With the annual UN Climate Conference just around the corner, we are excited to invite you to meet our Climate & Energy Team at our side events from December 3 untill December 11 in Spain. Our side events contribute to technological solutions and focus on the role of 100% Renewable Energy and the building of roadmaps to achieve the Agenda 2030.
With the annual UN Climate Conference just around the corner, we are excited to invite you to meet our Climate & Energy Team at our side events on December 12 in Poland. This year, the 24th conference is taking place in Katowice, Poland from 2-14 December 2018.
Fourth China Smart City International Expo on August 21 in China’s innovation capital Shenzhen
The Banquet Dinner Reception – Best Practice Release was successfully organised during the Fourth China Smart City International Expo on August 21 in China’s innovation capital Shenzhen.
In cooperation with the China Center for Urban Development (CCUD) under the National Development and Reform Commission (NDRC), the World Future Council organised the Banquet Dinner Reception – Best Practice Release in the evening of August 21. During the Banquet, the Smart Sustainable Pioneering Models project was co-launched by the World Future Council and CCUD, with international and national best practices of smart sustainable cities introduced as well. Prof. Herbert Girardet, the honorary councillor of the World Future Council gave the keynote speech, followed by international smart city experience sharing presented by Ms Beate Weber-Schuerholz, the former load mayor of Heidelberg, Germany; Mr Niall O’Connor, center director of Stockholm Environment Institute, Sweden; Mr Peter Sailer, project director of Sino German Urbanisation Partnership of GIZ, Germany; and Ms Aisa Tobing, Deputy Secretary General of CityNet, Indonesia.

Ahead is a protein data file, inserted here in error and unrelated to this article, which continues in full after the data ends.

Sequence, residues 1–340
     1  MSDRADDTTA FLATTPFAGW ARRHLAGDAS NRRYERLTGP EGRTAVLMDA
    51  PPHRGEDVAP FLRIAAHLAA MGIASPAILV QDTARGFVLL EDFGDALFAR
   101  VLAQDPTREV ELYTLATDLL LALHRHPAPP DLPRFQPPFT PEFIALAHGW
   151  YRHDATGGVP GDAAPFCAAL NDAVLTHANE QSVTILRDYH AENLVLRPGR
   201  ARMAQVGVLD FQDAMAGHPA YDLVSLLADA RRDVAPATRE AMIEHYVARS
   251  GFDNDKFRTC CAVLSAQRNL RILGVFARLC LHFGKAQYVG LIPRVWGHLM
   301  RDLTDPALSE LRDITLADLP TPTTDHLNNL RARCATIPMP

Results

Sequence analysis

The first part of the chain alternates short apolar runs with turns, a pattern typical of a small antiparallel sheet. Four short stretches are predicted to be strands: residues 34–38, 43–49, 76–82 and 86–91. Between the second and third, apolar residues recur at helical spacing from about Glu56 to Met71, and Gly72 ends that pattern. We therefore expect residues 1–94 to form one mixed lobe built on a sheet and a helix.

There are over 1,000 smart city pilots ready for or under construction worldwide, and China is home to about 500 of them, covering big and small cities. Three groups of cities have been listed as national pilot projects so far, and the country aims to nurture 100 new smart cities from 2016 to 2020 to lead the country’s urban planning and development. With such high development speed, the Smart Sustainable Pioneering Models project presents best practices from around the globe for Chinese cities to improve their strategy, design, operations and maintenance in developing smart urban areas, along with technology and infrastructure, to ensure residents’ needs can be met efficiently and in a timely manner.
About 300 guests attended the Banquet Dinner Reception – Best Practice Release by invitation, and over 120,000 audiences in total attending the Fourth China Smart City International Expo. The whole event is organised by CCUD and lasts for 2 days, with main forums on August 21 and 16 parallel sub forums on August 22.
The World Future Council, Bread for the World and CAN-Tanzania hosted a workshop in February Dar es Salaam, Tanzania to kick-off an 18-months project, aiming at exploring the feasibility of 100% RE targets and its implications for Tanzania’s Sustainable Low Carbon Development and Poverty Reduction Goals.
Only within the last 16 months, the world has seen the emergence of the Sustainable Development Goals (SDG), the Paris agreement (which has just recently come into force), and the so-called New Urban Agenda (NUA). All three of them represent bold and (more or less) legally binding agreements by the Member States of the United Nations. The New Urban Agenda should be the most concrete and practical one since it addresses the smaller scale of government, i.e. cities – the place where we will win or lose our struggle for a more just, equitable and indeed sustainable world.